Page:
Toronto Mayor Rob Ford's push to ban anyone who has been convicted of gun crimes from living in Toronto, along with his appeal for tougher sentencing, has prompted two federal ministers to remind the Toronto mayor of the government's tough-on-crime agenda.
In an interview airing Saturday on CBC Radio's The House, Justice Minister Rob Nicholson said Bill C-10, the federal government's omnibus crime bill, has just been passed into law and that many of its provisions are "just now coming on stream."
Nicholson told guest host Susan Lunn that the federal government's crime legislation already includes tougher sentences for gun crimes.
"We have increased the mandatory penalties for people who commit gun crimes, we have cracked down on the importation of guns into this country."
"We have made a number of changes over the years, one of them is changing the bail provisions of people who have been charged with serious gun crime so that the onus is on them to demonstrate why they should be back out on the street pending the hearing of their case," said the justice minister.
The government has been criticized for introducing new mandatory minimum sentences and tougher jail sentences, and more recently in two separate cases judges did not apply the new rules.
Earlier this month, an Ontario Court judge struck down the automatic three-year sentence for firearms trafficking, saying it was disproportionate. Justice Paul Bellefontaine said a crack dealer who offered to sell an undercover police officer a non-existent gun should not have to face the mandatory minimum sentence.
In February, another Ontario judge said sending a first-time offender to prison for three years for possessing a loaded gun amounted to "cruel and unusual punishment" and declared the minimum sentence unconstitutional.
When asked about these recent decisions, Nicholson said "we have been in court defending the constitutionality of these [decisions]. We do give guidance to courts on maximum sentences and where we think it appropriate on minimum sentences as well, and again we'll continue to do that."
After Monday's shooting, Public Safety Minister Vic Toews chided Canada's courts for striking down mandatory sentences for gun-related crime, saying they "are absolutely essential to create a strong deterrent against that kind of activity."
As for Ontario Attorney General John Gerretsen's renewed calls to ban hand guns, Nicholson said the government has already been "cracking down" on guns coming into Canada.
According to Nicholson, the Canada Border Services Agency seized nearly 30,000 prohibited weapons since 2006.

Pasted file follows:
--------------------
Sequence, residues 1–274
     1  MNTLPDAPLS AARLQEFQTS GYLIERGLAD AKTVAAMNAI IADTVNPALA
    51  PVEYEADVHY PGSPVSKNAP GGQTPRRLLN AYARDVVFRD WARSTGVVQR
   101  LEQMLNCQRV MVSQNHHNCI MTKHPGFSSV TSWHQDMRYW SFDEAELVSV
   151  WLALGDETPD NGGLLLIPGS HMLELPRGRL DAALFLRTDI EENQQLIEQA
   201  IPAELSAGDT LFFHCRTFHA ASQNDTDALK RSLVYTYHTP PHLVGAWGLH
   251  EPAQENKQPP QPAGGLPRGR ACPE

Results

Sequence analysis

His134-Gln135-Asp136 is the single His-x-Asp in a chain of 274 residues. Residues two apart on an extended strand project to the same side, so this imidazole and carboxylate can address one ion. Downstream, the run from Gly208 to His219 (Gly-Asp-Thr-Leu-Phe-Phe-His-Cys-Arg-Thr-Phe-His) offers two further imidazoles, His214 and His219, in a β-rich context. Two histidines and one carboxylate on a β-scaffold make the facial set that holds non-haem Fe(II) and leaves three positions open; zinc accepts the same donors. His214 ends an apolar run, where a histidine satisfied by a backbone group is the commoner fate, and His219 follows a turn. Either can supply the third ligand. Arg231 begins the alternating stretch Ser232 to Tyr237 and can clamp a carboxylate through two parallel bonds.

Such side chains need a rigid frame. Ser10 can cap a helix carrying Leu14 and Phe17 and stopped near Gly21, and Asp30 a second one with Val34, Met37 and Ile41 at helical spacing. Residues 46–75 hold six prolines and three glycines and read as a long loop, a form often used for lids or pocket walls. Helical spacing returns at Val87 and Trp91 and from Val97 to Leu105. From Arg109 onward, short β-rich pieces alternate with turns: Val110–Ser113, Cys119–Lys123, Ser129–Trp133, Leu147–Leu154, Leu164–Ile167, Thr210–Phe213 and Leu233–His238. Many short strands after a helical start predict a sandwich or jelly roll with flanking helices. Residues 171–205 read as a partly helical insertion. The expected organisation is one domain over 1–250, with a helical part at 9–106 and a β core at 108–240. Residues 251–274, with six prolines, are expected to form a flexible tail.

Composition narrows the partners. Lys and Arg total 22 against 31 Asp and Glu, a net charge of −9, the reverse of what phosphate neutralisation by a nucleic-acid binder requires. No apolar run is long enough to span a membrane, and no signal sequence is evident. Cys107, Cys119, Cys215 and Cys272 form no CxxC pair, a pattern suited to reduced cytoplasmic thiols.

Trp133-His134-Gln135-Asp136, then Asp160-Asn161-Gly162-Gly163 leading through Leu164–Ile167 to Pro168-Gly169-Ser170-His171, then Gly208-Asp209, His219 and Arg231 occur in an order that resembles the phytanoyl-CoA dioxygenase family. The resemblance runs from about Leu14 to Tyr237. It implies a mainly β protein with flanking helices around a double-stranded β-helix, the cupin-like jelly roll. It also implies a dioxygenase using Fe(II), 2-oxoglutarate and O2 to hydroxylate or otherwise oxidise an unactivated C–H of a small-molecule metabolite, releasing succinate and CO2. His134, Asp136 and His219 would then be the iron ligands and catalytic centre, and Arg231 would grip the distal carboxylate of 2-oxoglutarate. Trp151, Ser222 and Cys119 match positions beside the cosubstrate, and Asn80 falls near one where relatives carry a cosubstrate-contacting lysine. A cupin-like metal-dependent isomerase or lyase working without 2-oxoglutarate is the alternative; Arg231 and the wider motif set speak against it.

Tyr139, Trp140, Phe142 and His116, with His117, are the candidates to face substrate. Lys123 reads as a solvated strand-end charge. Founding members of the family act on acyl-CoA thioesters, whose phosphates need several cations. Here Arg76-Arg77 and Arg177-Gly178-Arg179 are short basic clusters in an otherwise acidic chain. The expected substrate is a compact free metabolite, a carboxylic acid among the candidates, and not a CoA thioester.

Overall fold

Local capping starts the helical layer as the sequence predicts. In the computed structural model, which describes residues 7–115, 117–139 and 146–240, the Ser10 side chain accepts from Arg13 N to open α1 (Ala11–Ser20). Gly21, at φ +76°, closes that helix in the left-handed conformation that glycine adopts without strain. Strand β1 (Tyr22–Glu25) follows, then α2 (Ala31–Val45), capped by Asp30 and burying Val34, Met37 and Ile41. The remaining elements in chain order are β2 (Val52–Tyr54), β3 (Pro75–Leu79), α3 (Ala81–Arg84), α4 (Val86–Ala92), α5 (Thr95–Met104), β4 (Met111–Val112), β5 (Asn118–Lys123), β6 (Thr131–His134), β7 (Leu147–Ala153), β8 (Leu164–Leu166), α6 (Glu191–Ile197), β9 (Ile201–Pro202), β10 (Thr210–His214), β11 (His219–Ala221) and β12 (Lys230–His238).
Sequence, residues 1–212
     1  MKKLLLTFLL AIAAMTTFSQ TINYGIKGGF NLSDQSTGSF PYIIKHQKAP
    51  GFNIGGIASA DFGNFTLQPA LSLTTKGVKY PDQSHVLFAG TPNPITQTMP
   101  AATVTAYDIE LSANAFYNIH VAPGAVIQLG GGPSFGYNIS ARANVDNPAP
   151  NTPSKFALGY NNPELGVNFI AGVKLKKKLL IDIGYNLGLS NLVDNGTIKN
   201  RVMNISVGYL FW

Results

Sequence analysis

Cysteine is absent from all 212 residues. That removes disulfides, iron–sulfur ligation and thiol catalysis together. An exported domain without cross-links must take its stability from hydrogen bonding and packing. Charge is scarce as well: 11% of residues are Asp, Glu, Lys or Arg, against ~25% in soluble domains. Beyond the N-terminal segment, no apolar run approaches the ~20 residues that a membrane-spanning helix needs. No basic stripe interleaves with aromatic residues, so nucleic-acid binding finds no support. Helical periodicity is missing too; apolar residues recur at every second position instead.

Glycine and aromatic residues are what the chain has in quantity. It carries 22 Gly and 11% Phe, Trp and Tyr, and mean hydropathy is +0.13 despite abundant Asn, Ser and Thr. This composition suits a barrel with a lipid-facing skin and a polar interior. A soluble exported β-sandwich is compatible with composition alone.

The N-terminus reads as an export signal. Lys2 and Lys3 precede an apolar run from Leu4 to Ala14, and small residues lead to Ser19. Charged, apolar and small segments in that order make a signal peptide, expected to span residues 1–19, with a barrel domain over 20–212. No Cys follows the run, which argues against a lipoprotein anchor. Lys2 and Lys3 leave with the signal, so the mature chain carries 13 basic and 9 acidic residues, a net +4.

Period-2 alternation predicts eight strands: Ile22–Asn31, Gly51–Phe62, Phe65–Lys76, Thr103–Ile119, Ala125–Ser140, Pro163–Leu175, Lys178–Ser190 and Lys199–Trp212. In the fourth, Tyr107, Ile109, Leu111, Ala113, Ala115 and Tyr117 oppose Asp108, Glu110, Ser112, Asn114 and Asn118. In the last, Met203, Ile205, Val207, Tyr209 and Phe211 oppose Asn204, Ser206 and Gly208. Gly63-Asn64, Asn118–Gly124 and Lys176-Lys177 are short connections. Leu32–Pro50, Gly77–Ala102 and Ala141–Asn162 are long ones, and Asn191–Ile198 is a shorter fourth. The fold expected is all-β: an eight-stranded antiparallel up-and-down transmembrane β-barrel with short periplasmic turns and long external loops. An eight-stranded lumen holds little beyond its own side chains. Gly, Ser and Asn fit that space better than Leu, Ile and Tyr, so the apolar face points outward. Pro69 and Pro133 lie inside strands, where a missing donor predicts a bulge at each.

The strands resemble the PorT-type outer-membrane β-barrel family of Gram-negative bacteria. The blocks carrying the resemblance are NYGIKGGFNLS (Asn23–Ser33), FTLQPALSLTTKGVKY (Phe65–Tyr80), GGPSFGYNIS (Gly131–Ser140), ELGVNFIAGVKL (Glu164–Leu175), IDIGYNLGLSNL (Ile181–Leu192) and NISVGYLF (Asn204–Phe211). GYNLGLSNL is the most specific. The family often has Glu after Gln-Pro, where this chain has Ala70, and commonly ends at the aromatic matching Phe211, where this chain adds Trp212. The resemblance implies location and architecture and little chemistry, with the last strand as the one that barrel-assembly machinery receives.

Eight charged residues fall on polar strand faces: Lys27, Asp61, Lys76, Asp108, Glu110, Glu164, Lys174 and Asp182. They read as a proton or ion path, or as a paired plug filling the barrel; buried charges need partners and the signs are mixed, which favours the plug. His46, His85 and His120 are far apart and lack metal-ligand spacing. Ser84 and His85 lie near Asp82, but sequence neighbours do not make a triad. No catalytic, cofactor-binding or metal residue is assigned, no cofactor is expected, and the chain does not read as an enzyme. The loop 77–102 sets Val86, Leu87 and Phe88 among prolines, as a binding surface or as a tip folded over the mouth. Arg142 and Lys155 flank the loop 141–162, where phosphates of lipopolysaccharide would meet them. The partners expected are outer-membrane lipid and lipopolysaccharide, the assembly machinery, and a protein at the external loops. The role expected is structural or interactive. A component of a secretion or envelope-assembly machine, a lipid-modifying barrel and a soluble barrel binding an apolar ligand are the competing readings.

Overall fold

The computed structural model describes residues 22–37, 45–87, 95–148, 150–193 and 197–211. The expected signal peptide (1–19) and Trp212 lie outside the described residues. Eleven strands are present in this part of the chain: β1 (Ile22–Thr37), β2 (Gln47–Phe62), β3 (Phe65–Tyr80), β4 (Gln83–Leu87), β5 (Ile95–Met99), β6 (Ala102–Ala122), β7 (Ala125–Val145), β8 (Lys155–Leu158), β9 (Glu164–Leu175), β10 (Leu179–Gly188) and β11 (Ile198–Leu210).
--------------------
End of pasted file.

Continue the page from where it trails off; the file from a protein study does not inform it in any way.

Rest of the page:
"The purchase, transport, and storage of handguns is strictly controlled in this country. The problem is that gangs and criminals don't respect gun laws," Nicholson said.
And as for the idea to ban gun convicts from living in Toronto, Nicholson told Lunn this is a matter for the courts.
"If there are restrictions on a person who is out of jail those would be imposed by the courts," Nicholson said.
In an interview airing on CBC's Power & Politics on Friday, Citizenship and Immigration Minister Jason Kenney said "clearly the recent rash of gun crime in Toronto is connected to criminal gun activity, and we are aware that there have been foreign members, sometimes leading members of criminal gangs in Canada, able to re-commit offences while delaying their deportation."
Kenney went on to specify that his comments were "not in relation to any particular crime, or any alleged particular criminal" but about Bill C-43, which the government introduced last month as the faster removal of foreign criminals act.
Kenney said "the broader problem of gun crime … sometimes does involve foreign citizens who are delaying deportation from Canada."
"We shouldn't be squeamish about this, we should say that if you're a foreigner who has abused the privilege of being in Canada and you've been convicted of a serious crime such as gun-related violence, you should be subject to prompt deportation," Kenney told Power & Politics guest host Hannah Thibedeau.
But Ford has said his intention is not to target immigrants, but anyone convicted of a gun crime.
According to Kenney, "if you are a Canadian citizen, you should be removed from the streets of Toronto and spend years behind bars. Obviously, eventually, a Canadian citizen with a criminal conviction who is released and is no longer under parole conditions has mobility rights."
In an interview with a Toronto radio station on Friday, Kenney added "obviously we can't tell people which city we can and can't live in."
While the justice minister could not say whether he would be part of a future meeting between Ford and Prime Minister Stephen Harper, he did tell The House that the Prime Minister's Office "is working on" arranging a meeting with the Toronto mayor.
Kenney told Power & Politics, the prime minister would surely use the meeting to "remind" Ford that the federal government has given the police and the courts "stronger tools to deal with criminals who use firearms and criminals involved in gang activity."
"All of these things mean that people convicted of these kinds of offences will spend more time behind bars and off of our streets. So I'm sure the prime minister will underscore the measures that we've taken and see if the mayor thinks we have to take additional measures."
Nineteen-year-old Nahom Tsegazeb of Toronto is the first person charged in connection with Monday's rampage.
He has been charged with the reckless discharge of a firearm, but police said the charge doesn't relate to the deaths of 14-year-old Shyanne Charles and 23-year-old Joshua Yasay.
Tsegazeb is among the injured, and remains in custody in hospital.
At least one more suspect is being sought.
Monday's shooting at a street party is being described as the worst instance of gun violence in Toronto.